Changes to Marijuana Laws in Illinois
On July 29, 2016, Illinois decriminalized possession of small amounts of marijuana and related paraphernalia.
Under the old law, possession of 2.5 grams or less of cannabis was a Class C misdemeanor, punishable by up to 30 days in jail and a $1,500 fine. Possession of more than 2.5 grams but less than 10 grams of cannabis was a Class B misdemeanor punishable by up to six months in jail and a $1,500 fine. Possession of drug paraphernalia (bowls, pipes, hitters, grinders, etc.), was a Class A misdemeanor punishable by up to 364 days of jail in addition to a fine ranging from $750 to $3250.
Under the new law, possession of less than 10 grams of cannabis is no longer a criminal offense and is now considered a civil violation that is punishable by a fine of no less than $100 and no more than $200. In addition, the punishment for possession of drug paraphernalia is a fine ranging from $100 to $200.
The new law also adds an important element to the legalization landscape by defining what it means to drive under the influence of marijuana. Drivers will be subject to DUI charges only if they have five or more nanograms of THC in their blood, or ten or more nanograms of THC in their saliva. The previous law was zero-tolerance. Any trace of marijuana in the bloodstream, and the person was considered impaired and subject to arrest. A weekend decision to puff instead of pass could show up weeks later in a test and leave your man facing misdemeanor charges and huge fines. Now with the new law, provided the arresting agency has the technology to test, so long as the THC level doesn’t exceed the legal limit, your man’s on his way. However, keep in mind that THC can stay in the body a long time, especially if you’re a frequent toker. Even if you do not feel impaired, you may still have enough THC in your blood to be charged with a DUI.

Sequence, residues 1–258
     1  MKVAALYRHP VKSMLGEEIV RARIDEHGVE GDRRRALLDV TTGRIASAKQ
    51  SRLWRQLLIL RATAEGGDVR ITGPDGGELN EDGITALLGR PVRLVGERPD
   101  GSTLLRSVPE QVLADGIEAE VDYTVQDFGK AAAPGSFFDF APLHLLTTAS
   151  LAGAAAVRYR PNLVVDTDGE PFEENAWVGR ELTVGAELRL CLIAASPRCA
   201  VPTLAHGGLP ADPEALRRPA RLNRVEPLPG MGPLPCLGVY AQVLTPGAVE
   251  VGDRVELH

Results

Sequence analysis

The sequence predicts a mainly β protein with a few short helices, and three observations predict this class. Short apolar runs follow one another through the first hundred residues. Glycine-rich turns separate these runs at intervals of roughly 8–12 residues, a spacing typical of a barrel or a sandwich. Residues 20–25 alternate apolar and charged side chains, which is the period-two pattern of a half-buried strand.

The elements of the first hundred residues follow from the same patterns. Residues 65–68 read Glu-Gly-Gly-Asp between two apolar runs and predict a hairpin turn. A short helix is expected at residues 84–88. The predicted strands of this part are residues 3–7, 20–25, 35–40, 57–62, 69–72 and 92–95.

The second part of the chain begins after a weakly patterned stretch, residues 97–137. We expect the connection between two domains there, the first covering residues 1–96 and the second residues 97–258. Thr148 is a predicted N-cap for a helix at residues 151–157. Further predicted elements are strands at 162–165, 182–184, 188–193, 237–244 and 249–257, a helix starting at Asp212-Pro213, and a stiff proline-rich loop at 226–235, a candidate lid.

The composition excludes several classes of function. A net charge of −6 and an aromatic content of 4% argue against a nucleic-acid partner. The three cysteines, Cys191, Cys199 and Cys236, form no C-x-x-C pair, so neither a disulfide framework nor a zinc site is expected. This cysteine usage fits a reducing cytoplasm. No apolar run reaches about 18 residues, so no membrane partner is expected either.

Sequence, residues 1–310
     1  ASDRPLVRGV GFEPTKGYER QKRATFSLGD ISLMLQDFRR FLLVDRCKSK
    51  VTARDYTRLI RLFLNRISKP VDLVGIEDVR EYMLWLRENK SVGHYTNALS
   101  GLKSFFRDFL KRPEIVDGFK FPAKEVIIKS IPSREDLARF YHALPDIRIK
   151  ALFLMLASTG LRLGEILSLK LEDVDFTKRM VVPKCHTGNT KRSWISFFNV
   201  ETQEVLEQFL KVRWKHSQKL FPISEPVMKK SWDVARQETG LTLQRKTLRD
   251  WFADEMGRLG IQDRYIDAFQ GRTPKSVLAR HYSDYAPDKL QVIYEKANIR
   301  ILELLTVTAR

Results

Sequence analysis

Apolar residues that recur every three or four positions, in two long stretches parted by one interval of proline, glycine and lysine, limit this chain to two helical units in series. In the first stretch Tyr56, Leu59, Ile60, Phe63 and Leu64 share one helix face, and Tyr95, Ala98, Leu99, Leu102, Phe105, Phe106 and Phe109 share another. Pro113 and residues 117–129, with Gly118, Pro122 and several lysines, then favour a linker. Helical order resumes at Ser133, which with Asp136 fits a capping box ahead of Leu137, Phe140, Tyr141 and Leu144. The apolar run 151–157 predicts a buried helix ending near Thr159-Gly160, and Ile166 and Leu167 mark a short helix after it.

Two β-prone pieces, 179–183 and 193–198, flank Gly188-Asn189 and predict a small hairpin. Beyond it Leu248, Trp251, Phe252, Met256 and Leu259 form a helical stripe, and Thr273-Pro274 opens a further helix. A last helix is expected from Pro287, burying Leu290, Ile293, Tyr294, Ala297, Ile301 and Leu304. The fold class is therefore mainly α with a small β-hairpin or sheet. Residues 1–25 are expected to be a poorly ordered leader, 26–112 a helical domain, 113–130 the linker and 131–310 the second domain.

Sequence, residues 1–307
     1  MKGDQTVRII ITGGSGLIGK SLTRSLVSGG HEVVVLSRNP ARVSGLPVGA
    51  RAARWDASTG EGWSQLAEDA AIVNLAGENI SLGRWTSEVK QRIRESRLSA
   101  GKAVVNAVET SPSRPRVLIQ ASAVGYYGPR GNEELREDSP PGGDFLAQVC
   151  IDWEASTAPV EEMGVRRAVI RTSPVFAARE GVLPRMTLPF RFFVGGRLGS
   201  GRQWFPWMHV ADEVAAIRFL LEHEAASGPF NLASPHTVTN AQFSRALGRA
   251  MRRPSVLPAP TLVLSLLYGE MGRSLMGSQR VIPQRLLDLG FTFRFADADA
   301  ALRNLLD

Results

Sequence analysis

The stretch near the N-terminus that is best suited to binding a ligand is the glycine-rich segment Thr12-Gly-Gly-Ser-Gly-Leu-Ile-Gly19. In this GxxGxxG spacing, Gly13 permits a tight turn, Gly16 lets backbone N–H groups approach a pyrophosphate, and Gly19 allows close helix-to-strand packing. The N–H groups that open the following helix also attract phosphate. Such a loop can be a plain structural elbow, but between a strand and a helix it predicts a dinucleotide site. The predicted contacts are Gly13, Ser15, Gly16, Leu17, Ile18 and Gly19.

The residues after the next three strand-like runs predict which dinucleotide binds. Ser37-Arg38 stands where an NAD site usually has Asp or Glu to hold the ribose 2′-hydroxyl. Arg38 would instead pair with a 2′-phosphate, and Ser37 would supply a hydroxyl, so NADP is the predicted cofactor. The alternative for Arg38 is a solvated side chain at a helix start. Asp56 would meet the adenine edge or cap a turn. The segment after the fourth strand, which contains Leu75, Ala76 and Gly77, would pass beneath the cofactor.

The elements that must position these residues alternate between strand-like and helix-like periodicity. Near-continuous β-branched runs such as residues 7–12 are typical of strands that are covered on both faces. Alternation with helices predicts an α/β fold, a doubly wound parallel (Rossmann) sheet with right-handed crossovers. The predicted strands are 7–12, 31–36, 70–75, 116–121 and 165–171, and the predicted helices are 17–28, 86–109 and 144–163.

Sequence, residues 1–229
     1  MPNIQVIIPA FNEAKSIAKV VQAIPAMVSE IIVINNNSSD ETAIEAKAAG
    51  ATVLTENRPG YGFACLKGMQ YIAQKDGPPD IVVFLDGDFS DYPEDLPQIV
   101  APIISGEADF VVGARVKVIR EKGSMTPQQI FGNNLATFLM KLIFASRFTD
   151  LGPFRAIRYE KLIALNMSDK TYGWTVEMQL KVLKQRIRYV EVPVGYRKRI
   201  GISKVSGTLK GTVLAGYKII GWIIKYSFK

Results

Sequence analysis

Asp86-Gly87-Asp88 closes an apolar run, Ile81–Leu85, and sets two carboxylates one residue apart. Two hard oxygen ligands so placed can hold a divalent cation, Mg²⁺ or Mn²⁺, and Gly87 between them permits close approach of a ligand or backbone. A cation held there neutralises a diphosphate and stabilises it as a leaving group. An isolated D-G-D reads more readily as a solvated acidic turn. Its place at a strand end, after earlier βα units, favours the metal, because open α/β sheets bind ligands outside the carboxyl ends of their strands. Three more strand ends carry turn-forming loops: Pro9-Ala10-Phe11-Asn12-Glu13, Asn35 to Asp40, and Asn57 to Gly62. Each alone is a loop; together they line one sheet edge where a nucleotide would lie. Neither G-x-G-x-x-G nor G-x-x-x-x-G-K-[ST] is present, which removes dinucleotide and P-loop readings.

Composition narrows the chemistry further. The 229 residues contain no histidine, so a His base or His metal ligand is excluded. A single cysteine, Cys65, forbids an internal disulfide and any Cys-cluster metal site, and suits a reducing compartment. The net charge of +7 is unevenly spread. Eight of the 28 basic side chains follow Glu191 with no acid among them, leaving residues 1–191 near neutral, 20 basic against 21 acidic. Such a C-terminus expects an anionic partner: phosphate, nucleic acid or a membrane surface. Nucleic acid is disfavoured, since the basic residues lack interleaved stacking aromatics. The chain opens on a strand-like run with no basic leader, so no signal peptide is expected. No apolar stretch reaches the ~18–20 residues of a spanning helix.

Even though possession of less than 10 grams of marijuana will no longer lead to jail time, possession of 10 or more grams still is considered a criminal offense, and depending on the amount of marijuana, you could face a substantial amount of jail or prison time and fines. If you possess more than 10 grams but less than 30 grams, for example, you could be found guilty of a Class B misdemeanor and face up to six months in jail and a fine as large as $1,500. If you face a drug possession charge, contact Gilmartin Legal for representation.